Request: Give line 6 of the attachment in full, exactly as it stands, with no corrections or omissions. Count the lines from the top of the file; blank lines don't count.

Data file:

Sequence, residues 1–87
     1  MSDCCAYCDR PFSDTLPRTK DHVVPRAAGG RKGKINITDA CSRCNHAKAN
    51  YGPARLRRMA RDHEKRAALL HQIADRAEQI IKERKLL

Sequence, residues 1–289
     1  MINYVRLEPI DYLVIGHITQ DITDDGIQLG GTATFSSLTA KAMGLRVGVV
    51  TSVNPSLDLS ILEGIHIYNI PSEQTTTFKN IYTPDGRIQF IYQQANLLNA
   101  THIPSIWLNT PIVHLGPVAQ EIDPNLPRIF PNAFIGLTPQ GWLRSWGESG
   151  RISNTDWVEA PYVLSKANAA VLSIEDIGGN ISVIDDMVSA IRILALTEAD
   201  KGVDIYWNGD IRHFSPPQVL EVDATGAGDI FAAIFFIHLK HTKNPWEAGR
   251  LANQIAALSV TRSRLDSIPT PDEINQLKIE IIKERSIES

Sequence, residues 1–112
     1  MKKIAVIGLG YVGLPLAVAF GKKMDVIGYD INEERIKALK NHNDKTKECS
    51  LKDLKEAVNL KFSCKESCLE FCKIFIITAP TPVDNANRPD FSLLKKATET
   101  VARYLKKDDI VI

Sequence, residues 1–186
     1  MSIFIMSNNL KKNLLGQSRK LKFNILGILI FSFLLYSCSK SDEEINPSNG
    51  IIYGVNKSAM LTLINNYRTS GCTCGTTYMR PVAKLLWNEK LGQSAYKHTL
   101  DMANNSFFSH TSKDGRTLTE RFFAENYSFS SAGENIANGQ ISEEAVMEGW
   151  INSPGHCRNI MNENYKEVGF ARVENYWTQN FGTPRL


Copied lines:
    51  TSVNPSLDLS ILEGIHIYNI PSEQTTTFKN IYTPDGRIQF IYQQANLLNA